How does physical conformation relate to economically important traits in today’s dairy industry? A recent study completed by Holstein Association USA aimed to assess these relationships using linear classification data and DHIA production records. The dataset covered almost 20 years of data and includes over 1 million cows. The results of this study clearly show that cows with more correct, functional conformation live longer and produce more milk.
Linear type classification programs are well established as a method for assessing physical conformation of economically important traits. Cows with higher scores are closer to the ideal physical conformation for a Holstein cow.
Cows included in the analysis were split into quartiles, with an equal number of cows in each quartile (refer to Figure 1). First lactation cows in the top quartile for final classification score (final scores between 82 and 89 points) produced 1,537 pounds more energy corrected milk in 305 days than those in the bottom quartile (76 points and lower). Using a long-term milk price, of $20/cwt, this difference represents $307 more in gross revenue in their first lactation.
Figure 1: First Lactation 305 Day ECM by Final Score Quartile
Looking at lifetime energy-corrected milk (ECM), comparing the top quartile to the bottom quartile, the highest scored cows produced 13,389 more pounds of ECM across their lifetimes than cows in the bottom quartile (refer to Figure 2). Using a long-term milk price, of $20/cwt, this difference represents $2,678 more in gross milk revenue per cow over the course of their lives. Among individual linear classification traits udder and feet and leg traits were most corelated with milk yield and longevity measures. Additionally, when look at lifetime days in milk (DIM), cows in the top quartile for final classification score had 142 more lifetime DIM than cows in the bottom quartile.
Figure 2: Lifetime ECM by Final Score Quartile
This large dataset provides new insight into the importance of physical conformation to production and longevity. These results also show that linear classification does quantify economically important physical conformation traits well. As the dairy industry focuses sustainability, breeding cows that last longer is increasingly important. These results demonstrate the importance of selection for functionally correct dairy cows for dairy profitability.
If you are interested in seeing more information about individual traits, you can find a compete report with all analyses atwww.holsteinusa.com/typematters. Contact Holstein USA Analytics and Innovation Scientist Jeffrey Bewley by email at email@example.com or call 859.699.2998 for questions or further information.
Brattleboro, Vt., September 27, 2022 — Holstein Association USA and Western Kentucky University are excited to officially launch the WKU SmartHolstein Lab on November 14, 2022. The launch will be held at the WKU Ag Expo Center in Bowling Green, Kentucky from 10 am to 5 pm central time. This event will provide a unique opportunity to see the latest in dairy technology, with over 30 working technologies on one dairy farm. Additional information can be found at www.smartholstein.com.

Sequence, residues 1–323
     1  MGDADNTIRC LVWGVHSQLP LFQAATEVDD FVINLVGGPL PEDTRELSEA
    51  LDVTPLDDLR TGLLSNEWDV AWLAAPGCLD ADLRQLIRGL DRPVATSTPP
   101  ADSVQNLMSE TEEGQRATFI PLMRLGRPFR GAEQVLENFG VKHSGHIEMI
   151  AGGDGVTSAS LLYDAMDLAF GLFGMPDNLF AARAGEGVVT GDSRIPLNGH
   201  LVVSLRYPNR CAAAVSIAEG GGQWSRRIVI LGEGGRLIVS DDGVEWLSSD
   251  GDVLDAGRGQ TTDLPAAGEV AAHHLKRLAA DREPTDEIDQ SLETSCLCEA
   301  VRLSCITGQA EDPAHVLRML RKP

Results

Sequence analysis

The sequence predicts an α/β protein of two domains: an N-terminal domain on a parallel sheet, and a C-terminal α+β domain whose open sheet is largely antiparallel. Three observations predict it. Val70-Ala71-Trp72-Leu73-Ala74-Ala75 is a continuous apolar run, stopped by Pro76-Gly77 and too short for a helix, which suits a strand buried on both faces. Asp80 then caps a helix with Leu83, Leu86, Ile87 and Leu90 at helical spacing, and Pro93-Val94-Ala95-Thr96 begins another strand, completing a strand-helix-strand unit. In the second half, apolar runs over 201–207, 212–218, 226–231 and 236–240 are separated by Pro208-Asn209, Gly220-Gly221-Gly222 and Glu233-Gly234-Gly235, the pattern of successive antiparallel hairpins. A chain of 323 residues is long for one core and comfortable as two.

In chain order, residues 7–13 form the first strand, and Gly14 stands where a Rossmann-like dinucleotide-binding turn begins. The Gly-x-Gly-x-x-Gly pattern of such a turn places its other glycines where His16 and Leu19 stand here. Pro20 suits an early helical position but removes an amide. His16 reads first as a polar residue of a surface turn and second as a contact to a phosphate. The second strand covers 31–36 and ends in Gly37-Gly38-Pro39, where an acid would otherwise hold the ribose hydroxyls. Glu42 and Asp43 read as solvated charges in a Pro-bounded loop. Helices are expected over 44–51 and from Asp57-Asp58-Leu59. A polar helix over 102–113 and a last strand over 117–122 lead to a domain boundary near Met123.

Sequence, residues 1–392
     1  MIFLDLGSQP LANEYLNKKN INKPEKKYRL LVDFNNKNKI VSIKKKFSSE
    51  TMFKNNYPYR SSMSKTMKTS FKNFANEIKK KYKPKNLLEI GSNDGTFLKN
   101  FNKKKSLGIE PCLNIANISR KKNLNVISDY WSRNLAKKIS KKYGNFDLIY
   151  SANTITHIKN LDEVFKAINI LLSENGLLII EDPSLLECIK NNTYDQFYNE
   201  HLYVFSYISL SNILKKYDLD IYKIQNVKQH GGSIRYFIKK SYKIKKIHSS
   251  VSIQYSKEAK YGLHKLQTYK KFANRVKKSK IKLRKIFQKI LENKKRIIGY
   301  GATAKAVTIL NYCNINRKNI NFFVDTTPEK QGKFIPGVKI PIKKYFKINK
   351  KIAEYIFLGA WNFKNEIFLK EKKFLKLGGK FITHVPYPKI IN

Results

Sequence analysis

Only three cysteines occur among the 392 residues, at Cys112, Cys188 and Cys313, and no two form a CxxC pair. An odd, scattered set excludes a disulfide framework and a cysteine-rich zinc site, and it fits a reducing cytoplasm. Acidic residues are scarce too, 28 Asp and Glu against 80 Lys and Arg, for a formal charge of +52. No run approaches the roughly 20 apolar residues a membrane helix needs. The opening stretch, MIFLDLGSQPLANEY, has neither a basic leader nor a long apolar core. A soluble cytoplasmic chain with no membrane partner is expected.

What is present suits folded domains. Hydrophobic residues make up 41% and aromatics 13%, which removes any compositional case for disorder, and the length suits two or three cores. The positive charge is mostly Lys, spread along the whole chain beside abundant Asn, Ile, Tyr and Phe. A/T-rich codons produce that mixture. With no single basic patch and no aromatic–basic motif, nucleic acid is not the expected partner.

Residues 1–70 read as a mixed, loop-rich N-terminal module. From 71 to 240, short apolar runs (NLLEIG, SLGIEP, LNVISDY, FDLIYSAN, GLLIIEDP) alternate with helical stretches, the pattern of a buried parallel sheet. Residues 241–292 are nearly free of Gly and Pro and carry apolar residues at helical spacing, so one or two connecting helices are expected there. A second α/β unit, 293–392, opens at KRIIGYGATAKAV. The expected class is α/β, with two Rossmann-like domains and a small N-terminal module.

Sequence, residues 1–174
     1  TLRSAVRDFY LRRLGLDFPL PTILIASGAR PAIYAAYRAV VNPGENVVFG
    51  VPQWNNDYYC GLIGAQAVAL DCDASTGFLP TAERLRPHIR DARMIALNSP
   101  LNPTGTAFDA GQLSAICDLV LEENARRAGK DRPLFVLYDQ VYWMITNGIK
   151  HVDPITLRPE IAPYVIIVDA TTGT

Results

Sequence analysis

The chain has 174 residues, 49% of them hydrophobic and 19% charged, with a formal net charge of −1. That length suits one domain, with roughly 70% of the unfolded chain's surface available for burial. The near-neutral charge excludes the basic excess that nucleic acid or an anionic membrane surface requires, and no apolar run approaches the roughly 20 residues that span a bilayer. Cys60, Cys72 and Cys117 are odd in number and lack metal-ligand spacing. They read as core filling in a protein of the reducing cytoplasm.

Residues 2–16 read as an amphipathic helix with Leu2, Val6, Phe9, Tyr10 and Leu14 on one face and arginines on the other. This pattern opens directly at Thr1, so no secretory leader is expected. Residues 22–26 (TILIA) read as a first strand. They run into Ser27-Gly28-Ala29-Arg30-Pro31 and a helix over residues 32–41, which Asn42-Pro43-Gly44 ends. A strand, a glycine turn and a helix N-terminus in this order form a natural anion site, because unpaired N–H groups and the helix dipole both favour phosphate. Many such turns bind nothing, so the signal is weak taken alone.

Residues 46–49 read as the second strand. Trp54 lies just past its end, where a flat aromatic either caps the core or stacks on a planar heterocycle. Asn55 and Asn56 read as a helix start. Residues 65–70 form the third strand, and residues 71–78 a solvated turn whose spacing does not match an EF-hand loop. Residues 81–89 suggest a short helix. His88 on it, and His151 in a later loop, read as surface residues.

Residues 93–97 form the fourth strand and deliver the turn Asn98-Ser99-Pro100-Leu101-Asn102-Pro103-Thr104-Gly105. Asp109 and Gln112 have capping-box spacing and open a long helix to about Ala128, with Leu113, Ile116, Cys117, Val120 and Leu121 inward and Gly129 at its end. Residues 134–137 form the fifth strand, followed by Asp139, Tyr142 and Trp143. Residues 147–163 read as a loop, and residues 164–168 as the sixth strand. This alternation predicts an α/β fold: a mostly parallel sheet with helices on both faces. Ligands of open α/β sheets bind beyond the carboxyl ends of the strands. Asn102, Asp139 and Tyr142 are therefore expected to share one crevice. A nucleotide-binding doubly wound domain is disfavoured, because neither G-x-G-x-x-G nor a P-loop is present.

“We’ve spent the past year getting the WKU SmartHolstein Lab up and running by installing many different technologies, adding Registered Holsteins to the herd, and conducting research,” says Dr. Jeffrey Bewley, Holstein Association USA Analytics and Innovation Scientist. “Now, we’re thrilled to welcome you to the WKU SmartHolstein Lab to see the progress we’ve made, and learn more about the technologies we’re using here.”
In addition to exploring new technologies, visitors can view the 25 Registered Holsteins donated by Holstein breeders from around the country as part of the Send a Holstein to College program. Representatives from companies with technologies on the farm will be on-site to provide information about their technology offerings. The program will include a tour of the dairy, recognition of lab partners and donors, lunch, and a program featuring the latest in dairy technological innovations.
Registration for the WKU SmartHolstein Lab launch is $15 per person and includes lunch. Registration is open to anyone with an interest in dairy, and payment can be made at the event. RSVP to Jeffrey Bewley at firstname.lastname@example.org or 859-699-2998 by October 30. The event will be held at the WKU Ag Expo Center, located at 406 Elrod Road, Bowling Green, Kentucky.
The WKU SmartHolstein Lab, located at the WKU Agriculture Research and Education Center, is designed to be a research, development, and demonstration center for the dairy industry. The lab is a one-of-a-kind partnership between Holstein Association USA, Western Kentucky University (WKU), and the Kentucky Agricultural Development Fund.
The mission of the WKU SmartHolstein Lab is to lead Holstein and dairy advancements through research, development, and outreach in technologies, analytics, and genetics. This endeavor provides students with unique experiential learning opportunities. The SmartHolstein Lab was established in 2021 as an easy-to-access demonstration and development farm to explore new technologies designed to collect novel phenotypic traits including wearable or indwelling sensors and milk-based biomarkers.
Contact Holstein USA Analytics and Innovation Scientist Jeffrey Bewley by email at email@example.com or call 859.699.2998 for questions, further information, or to register for the event.